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Johnson Island

Johnson's Island

Originally named Bull’s Island, it was part of a tract of land owned by Epaproditus Bull. When the War of 1812 began, Bull and his family left the area for the safety of Cleveland. After the war, Bull's family returned to the area and remained there until 1852.

Leonard B. Johnson purchased the 300 acre island in 1852, renaming it Johnson’s Island. Johnson cleared several acres of the island for farming. Johnson Island is located south south of the Marblehead peninsula and is accessed by a causeway toll road.

Johnson Camp

Civil War Confederate Prisoner of War

Johnson’s Island was chosen for a new prison site in the fall of 1861 and the first prisoners arrived in April 1862. In 1990 the island was recognized as a National Historic Landmark for being the only prison designated just for Confederate Officers. Archaeological studies of the site have been ongoing since the late 1990s.

Archeological Dig on Johnson Island

ABOVE: Archeological excavation of one of the large block houses. Also under excavation are the the sites that served as the numerous latrines. Many items fell into the large pits, either accidentally or on purpose. Because they were covered over, these items were preserved.

The island's isolation made it an attractive site for housing Confederate prisoner of war officers. There was a 40-acre site already cleared on the side of the island facing the city of Sandusky which was only 2.5 miles by boat from the island. A rail depot in Sandusky made it easy to transfer prisoners and supplies from anywhere in the country which were then transferred to the island by boat.

At the time the prisoner of war camp was being built, the island was inhabited only by the owner L. B. Johnson and his family.

Johnson Island Civil War Map

During the 40 months the camp was in operation, more than 9,000 prisoners crossed Sandusky Bay to the Federal Docks for confinement in the 12 prison blocks inside the stockade. Periods of confinement varied depending on when the prisoners arrived. For the most part, the first prisoners in 1862 were exchanged after only 5 months while those arriving after Gettysburg in July 1863 stayed for 12 - 18 months. The average number of prisoners confined at one time were about 2,000 - 2,500.

Johnson Island Cemetery

Johnson Island POW Cemetery

About a half mile north of the Prison walls is the cemetery where a number of those that died while being incarcerated died. Today, the cemetery has been restored and fenced in. Marble headstones have been erected. At the time of their burial, a wooden cross with their name and rank was placed on the grave. Over the years, those wooden crosses began to deteriorate and no record was made of the graves. This is why so many of the early grave sites on the south side of the cemetery are identified only as "Unknown". In 1890, the original wire fence that surrounded the cemetery was replaced with the current iron fence and wooden grave markers were replaced with headstones of Georgian marble. It was unknown whether the headstones correspond to the actual positions of the graves since prisoner diaries conflict with the grave locations. In 1904 the Daughters of the Confederacy purchased the 100' x 485' cemetery site and erected the bronze statue in 1910. In 1932 the cemetery was turned over to the US Department of the Interior whose jurisdiction it remains.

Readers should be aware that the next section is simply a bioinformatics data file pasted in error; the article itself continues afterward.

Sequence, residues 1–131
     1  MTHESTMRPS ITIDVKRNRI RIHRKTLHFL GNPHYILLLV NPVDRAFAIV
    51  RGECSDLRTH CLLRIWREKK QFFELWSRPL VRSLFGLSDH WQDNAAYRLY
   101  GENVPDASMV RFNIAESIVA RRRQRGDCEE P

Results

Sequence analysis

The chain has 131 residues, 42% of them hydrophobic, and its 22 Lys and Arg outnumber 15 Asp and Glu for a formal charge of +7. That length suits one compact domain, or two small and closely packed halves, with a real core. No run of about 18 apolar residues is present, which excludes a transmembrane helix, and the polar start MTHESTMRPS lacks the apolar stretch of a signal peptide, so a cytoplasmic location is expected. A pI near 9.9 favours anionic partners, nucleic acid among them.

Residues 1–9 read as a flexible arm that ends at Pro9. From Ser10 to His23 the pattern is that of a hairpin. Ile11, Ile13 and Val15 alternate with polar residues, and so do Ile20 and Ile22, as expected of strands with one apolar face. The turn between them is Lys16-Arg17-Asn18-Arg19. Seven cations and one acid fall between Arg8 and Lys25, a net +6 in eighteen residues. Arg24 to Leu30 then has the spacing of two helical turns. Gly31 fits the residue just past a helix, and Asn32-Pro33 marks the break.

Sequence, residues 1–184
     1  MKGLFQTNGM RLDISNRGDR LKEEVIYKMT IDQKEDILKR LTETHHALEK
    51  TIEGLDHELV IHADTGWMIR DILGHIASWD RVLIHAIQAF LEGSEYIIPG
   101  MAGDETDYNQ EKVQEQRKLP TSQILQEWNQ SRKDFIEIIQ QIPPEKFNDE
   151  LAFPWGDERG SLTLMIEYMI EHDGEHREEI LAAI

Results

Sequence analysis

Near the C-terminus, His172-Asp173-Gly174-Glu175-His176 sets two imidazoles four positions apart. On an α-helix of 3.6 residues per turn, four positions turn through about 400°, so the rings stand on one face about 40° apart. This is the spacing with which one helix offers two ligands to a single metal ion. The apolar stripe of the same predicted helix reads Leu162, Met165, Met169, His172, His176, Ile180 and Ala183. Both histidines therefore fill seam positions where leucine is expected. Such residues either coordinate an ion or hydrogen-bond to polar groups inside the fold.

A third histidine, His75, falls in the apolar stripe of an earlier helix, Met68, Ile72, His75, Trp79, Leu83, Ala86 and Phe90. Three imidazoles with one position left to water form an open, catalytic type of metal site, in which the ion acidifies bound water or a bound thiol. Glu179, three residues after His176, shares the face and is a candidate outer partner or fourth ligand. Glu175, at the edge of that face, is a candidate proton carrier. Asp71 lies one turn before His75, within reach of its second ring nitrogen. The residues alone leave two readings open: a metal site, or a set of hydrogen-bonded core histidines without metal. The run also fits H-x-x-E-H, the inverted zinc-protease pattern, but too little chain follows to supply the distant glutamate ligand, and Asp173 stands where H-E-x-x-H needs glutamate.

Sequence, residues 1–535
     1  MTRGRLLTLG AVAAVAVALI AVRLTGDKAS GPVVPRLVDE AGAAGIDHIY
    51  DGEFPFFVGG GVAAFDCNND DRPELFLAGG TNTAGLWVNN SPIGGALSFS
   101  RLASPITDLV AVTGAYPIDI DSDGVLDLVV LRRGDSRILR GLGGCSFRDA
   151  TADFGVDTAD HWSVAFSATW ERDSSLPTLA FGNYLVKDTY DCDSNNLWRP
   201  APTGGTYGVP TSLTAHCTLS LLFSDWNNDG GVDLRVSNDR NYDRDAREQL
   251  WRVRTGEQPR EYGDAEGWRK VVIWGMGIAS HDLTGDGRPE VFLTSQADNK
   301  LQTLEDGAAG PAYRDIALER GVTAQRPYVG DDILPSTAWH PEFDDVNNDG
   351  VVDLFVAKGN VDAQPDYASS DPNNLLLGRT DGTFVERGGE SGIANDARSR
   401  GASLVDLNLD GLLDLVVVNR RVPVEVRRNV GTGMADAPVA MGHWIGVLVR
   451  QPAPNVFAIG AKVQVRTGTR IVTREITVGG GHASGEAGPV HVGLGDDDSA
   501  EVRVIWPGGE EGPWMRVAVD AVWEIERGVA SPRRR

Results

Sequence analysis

Confederate Statue

After the war, the Prison Depot was decommissioned in September 1865. The last 9 prisoners, including 2 diehards who refused to take the oath of allegiance and 2 who were charged with piracy, left the island on September 5th. The buildings, lumber, and surplus materials and equipment needed to run the prison were auctioned off during 1865 and 1866. Leonard Johnson, owner of the island, was the high bidder for the buildings and lumber, which he eventually sold. A few of the buildings were brought across the ice to Marblehead and used as dwellings. None of the buildings remain.

From 1866 to 1894, the island was used primarily for agricultural purposes. Fruit trees were planted along with general crops. The site of the Prisoner of War Depot was plowed under to raise crops. A small number of private lots were sold to individuals during this period.

The Johnson Island Pleasure Resort

In 1894, a short-lived resort was established north and west of the Confederate Cemetery. In 1904 a second short-lived resort opened in 1904, but competition from the new Cedar Point forced its closure in 1907.

Causeway Constructed to Island

In 1956, plans were made to develop the island as a vacation home site. A causeway to the mainland was approved and started in 1964. Today, Johnson's Island is a private residential area. The only area open to the public is the Confederate Cemetery. No other areas are open to the public. The cemetery is the only site remaining from the original POW Depot open to the public. There are neither comfort stations nor public picnic areas on the island. Traffic regulations are strictly enforced.

Johnson Island Graves

The Northwestern Conspiracy

Read about the failed attempt to hijack the only federal warship on Lake Erie and use it to free the POWs on Johnson Island.